6.2. Stenotrophomonas RND Efflux Systems

In the S. maltophilia K279a strain genome eight pumps have been annotated, while seven (smeABC, smeDEF, smeGH, smeIJK, smeOP, smeU1VWU2X, smeYZ) of them have been characterized as hydrophobic and amphiphilic efflux (HAE)-RND pumps (Table 4) [167,168,169,170,171,172,173].
One of the first identified HAE-RND pumps has been SmeABC, which shows similarities to different efflux pumps, such as MexAB-OprM in P. aeruginosa, TtgABC in P. putida and AcrAB in E. coli [172]. This tripartite efflux pump, whose operon is controlled by the SmeSR sensor proteins, confers resistance to third-generation β-lactams, aminoglycosides, and fluoroquinolones and leads to trimethoprim susceptibility once overexpressed [166,172], while physiologically it does not confer intrinsic resistance due to its low-basal expression level. The determinants involved in MDR are being identified as smeC and smeR, whose deletion leads to the reversal of the resistance phenotype [172].
A similar quiescent behaviour is provided by the smeU1VWU2X operon, whose encoded SmeVWX proteins show 51%, 56%, and 48% amino acid identity with P. aeruginosa MexEF-OprN, respectively. The SmeRv protein, a LysR-type regulator, negatively regulates the operon in the S. maltophilia KJ strain, but it acts as a positive regulator in the S. maltophilia MDR KJ09C strain [170]. No mutations have been identified in smeRv, so the presence of an activator ligand could be able to switch on the expression of the entire operon. Differently from the other RND-efflux pumps, it possesses two additional sensor proteins, SmeU1 and SmeU2, belonging to the Short-chain Dehydrogenase/Reductase (SDR) family. The latter has been shown to mediate alleviation from environmental oxidative stress, which is found to trigger the expression of smeU1VWU2X [170,174]. KJ09C mutant overexpressing this operon shows increased resistance to chloramphenicol, quinolones, and tetracycline, with the MICs of aminoglycosides unexpectedly decreased [170]. Interestingly, the smeX deletion of KJ09C mutant reverts both the resistance and the susceptibility patterns, while smeU2 deletion in the same strain leads only to a slight decrease in the resistance, up to a 2-fold MIC decrease in the case of aminoglycosides, suggesting an additional control exerted by SmeU2 on SmeX overexpression [174].
SmeDEF intrinsically confers a two- to eight-fold increase in the MICs of quinolones, tetracycline, chloramphenicol, and novobiocin [175]. Its components show several homologies with different Gram-negative bacterial efflux pumps: SmeD and SmeE share the highest similarities to E. coli AcrA and AcrE (48%) and AcrB and AcrF (61% and 58%), while SmeF is similar to SmeC (42%) [168]. The smeDEF operon is directly regulated by the SmeT protein, which acts as a negative regulator [176]. Different mutations in smeT have been linked to the acquisition of the resistance phenotype, such as L166Q and T197P, allowing tigecycline, aztreonam, and quinolones tolerance, but also fosfomycin susceptibility [169]. This pattern is reasonable, as overexpression of smeD and ameF has been linked to levofloxacin, moxifloxacin, ceftazidime, and tetracycline resistance and amikacin resistance, respectively; in addition, deletion of the smeF gene in K1385 and K1439 MDR strains leads to the reversion of the MDR phenotype [175]. Indirectly, the expression of this efflux pump is influenced by the SmeRySy two-component regulatory system, the main regulator of the smeYZ operon [176]. The deletion of these particular sensor proteins is linked with smeDEF up-regulation and to subsequent chloramphenicol, ciprofloxacin, tetracycline, and macrolide resistance. Counterintuitively, such deletion also increases also smeT expression: a possible explanation involves the presence of an intermediary modulator, whose expression is altered by smeRySy deletion and which mediates the interaction between SmeT and its operator, resulting in the derepression of both smeDEF and smeT [176]. Interestingly, a biocide called triclosan acts as a SmeT inactivator, consequently leading to smeDEF overexpression and MDR strain selection [177,178].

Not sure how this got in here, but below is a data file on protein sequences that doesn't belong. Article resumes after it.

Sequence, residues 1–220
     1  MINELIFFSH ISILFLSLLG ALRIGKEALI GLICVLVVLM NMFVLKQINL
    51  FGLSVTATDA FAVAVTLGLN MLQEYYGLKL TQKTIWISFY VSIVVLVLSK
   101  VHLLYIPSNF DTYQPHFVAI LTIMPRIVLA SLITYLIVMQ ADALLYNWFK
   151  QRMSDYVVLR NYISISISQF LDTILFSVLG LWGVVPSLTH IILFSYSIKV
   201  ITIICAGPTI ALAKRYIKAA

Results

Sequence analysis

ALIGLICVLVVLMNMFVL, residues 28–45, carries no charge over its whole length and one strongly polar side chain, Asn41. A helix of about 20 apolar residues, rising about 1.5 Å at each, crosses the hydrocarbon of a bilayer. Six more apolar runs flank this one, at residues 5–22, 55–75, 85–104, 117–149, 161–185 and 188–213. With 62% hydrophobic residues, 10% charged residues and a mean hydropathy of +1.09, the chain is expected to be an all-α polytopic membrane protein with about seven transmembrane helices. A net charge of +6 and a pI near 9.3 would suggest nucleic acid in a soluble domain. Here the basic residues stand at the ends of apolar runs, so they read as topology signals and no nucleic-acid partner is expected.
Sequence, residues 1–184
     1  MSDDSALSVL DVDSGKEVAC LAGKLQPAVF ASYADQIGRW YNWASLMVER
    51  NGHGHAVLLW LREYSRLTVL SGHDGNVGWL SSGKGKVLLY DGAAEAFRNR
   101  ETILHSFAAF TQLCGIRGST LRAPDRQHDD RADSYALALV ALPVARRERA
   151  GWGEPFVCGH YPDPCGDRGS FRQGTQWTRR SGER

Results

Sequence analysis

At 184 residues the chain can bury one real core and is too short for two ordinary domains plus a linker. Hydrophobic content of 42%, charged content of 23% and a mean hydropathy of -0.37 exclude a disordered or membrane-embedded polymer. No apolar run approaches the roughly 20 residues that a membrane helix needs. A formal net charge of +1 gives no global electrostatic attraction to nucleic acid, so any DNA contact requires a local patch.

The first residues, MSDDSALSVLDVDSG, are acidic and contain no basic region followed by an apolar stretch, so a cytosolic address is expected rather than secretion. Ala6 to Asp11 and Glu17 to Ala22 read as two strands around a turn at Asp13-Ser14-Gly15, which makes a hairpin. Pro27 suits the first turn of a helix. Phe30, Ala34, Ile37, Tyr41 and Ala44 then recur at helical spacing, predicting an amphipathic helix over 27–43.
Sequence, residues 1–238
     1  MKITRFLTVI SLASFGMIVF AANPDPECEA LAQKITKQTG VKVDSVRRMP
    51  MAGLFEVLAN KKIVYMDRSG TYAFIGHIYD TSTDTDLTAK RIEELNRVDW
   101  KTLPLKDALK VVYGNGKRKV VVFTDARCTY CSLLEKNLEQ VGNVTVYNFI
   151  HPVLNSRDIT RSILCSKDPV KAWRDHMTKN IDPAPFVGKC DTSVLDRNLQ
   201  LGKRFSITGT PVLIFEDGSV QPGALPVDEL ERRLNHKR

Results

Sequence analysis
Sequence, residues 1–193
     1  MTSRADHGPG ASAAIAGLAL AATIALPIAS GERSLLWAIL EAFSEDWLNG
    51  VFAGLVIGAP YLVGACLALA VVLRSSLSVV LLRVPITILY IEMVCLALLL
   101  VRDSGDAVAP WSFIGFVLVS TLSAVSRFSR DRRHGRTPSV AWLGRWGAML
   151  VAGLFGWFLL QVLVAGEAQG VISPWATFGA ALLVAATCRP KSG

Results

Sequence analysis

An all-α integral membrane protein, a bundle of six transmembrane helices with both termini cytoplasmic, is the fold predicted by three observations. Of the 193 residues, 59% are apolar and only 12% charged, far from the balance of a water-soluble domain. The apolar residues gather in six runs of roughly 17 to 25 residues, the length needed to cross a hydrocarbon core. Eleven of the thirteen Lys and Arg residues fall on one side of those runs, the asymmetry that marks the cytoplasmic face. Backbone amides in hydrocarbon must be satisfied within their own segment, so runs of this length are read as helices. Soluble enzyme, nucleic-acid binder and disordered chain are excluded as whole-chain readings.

Two highly expressed efflux pumps, SmeYZ, and SmeIJK, play a major role in the intrinsic resistance to antimicrobials [171,173]. The smeYZ operon, sharing 44% and 59% amino acid identity with Acinetobacter baumanii AdeAB [41], confers resistance to amikacin, gentamicin, kanamycin, and leucomycin. Parallelly, its deletion leads to both aminoglycosides and trimethoprim-sulfamethoxazole susceptibility [173]. As previously stated, the operon is controlled by SmeRySy, with smeRy deletion downregulating smeZ expression and conferring aminoglycoside susceptibility, in addition to the acquired resistances involving smeDEF pump expression [176]. Celastrol, an anti-inflammatory natural terpenoid compound, can down-regulate smeYZ expression, thus proposing a possible candidate to control virulence in S. maltophilia [179].